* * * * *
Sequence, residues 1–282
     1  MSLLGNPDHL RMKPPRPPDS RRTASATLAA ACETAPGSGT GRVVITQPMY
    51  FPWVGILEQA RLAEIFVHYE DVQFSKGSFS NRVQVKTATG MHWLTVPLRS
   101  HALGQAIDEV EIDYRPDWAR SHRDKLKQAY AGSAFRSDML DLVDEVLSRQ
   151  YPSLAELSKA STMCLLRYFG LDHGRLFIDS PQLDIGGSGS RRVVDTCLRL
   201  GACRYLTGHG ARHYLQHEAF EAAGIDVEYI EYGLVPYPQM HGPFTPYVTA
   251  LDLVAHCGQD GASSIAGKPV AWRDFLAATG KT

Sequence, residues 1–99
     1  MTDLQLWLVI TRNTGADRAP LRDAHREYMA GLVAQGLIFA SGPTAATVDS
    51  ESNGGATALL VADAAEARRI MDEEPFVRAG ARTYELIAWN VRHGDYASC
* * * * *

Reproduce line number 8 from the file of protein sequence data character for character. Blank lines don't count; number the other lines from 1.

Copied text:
Sequence, residues 1–99